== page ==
Former Defense Minister Barak criticized PM Netanyahu for not having accepted the US station advanced weapons in Israel, something which may have presented a significant leap in Israeli technological & operational capabilities, as well as upgrading the security cooperation between the two countries.
By Alex Fishman
A year and a half ago, the professional leadership of the Israeli security apparatus, with the support of Former Defense Minister Moshe Ya’alon, gave a recommendation to Prime Minister Benjamin Netanyahu to accept the aid proposal that Israel would receive as a result of the nuclear deal with Iran.In addition to increasing the amount of aid for the next decade, the US proposal included other deals which would have had dramatic impacts on security cooperation between the two countries and on Israel’s strategic abilities.
Due to political reasons – reasons which Ehud Barak called “reckless gambling” – Netanyahu rejected the security forces’ recommendation, and in March 2015, Netanyahu decided to speak in front of the US Congress to try and convince them to come out against Obama and stop the nuclear deal.
Senior US officials who were frustrated with Netanyahu already knew that at the end of 2014 to the beginning of 2015, that Secretary of Defence Chuck Hagel passed a message from President Obama to Netanyahu regarding US intentions to station strategic weapons in Israel. These are weapons which could have also deterred attacks, or protected Israel if the Jewish state felt threatened and decided to attack Iran.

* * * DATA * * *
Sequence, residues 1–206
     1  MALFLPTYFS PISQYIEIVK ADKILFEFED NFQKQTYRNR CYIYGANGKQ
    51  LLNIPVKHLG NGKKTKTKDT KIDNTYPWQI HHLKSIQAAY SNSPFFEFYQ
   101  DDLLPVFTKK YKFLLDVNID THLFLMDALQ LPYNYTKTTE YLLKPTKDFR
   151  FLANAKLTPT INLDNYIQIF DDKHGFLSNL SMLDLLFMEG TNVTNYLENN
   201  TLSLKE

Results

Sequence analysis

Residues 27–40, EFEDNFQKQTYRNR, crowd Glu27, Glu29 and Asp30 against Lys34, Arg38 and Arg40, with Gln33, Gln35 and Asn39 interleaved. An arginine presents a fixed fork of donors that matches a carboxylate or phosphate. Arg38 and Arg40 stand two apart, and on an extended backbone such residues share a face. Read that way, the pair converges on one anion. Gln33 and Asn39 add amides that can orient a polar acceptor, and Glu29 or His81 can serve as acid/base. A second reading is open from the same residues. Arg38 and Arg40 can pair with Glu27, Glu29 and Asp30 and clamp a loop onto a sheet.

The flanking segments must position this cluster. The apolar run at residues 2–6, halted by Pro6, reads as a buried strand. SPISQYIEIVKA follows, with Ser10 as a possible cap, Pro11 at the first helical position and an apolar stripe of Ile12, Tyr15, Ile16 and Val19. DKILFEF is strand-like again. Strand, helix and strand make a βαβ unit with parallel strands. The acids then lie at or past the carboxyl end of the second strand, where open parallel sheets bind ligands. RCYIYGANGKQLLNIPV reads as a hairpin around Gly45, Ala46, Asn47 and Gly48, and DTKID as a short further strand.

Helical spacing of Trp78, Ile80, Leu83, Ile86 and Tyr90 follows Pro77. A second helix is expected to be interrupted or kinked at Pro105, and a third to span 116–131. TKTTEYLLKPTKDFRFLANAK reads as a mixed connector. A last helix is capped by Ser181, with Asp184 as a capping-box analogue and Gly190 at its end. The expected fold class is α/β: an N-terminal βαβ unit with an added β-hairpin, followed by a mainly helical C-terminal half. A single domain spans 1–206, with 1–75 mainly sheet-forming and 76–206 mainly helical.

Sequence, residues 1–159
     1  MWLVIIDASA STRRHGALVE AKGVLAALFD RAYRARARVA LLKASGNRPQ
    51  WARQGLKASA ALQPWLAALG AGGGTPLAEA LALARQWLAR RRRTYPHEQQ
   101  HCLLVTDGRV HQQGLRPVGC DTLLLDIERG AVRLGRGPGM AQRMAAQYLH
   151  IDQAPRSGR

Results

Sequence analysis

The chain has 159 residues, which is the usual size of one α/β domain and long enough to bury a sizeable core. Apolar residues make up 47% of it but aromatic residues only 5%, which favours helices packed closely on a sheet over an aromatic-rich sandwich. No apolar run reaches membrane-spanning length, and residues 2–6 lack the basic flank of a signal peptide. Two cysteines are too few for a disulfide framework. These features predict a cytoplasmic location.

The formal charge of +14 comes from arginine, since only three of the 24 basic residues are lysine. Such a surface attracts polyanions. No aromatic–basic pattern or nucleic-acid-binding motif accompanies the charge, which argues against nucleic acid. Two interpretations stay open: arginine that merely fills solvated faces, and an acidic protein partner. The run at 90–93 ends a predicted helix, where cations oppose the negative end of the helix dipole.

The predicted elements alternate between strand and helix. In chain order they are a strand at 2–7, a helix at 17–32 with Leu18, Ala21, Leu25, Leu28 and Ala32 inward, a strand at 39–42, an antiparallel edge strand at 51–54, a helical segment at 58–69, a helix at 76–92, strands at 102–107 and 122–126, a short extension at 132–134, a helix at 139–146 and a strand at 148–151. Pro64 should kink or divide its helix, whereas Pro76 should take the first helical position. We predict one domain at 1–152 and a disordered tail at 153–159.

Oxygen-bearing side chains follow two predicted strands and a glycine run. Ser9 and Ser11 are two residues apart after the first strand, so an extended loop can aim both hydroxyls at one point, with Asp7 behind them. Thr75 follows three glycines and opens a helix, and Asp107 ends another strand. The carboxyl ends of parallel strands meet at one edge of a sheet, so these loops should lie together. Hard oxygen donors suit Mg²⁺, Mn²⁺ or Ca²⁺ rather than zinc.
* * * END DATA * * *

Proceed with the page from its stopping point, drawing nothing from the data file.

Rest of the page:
One can also assume that the US government was ready to provide Israel with the US’s most effective weapons; bunker buster missiles which could destroy Iranian nuclear production facilities. Israel requested these missiles, and one can assume that the Americans had several ideas as to how they would have integrated these weapons into Israeli systems if the need arose.
The transfer of these weapons systems would present a significant leap in Israeli technological and operational capabilities and in security cooperation between the two nations. However, this didn’t happen.
It’s not clear if this is what Ehud Barak was referring to two days ago when he blamed Netanyahu for exposing Israel to major threats and security challenges. Barak claimed that what he was talking about – which he wasn’t allowed to fully expose – shows that Netanyahu is someone who is unable to correctly ascertain Israel’s security interests, and as someone who hasn’t internalized the potential for cooperation between Israel and the US.
Since this means that there are secret channels between the two countries, channels which the Prime Minister’s Office can deny exist, it’s only right that Barak present his finding in a secret subcommittee, such as the Defense and Foreign Affairs Subcommittee.
While Barak is indeed a civilian, the doors of the Pentagon are still open to him, and he has a good working relationship with National Security Advisor Susan Rice.
However, even with all of this, and Barak’s relations with Netanyahu, it is unlikely he actually knows what is going on between the White House and the Prime Minister’s Office behind closed doors.
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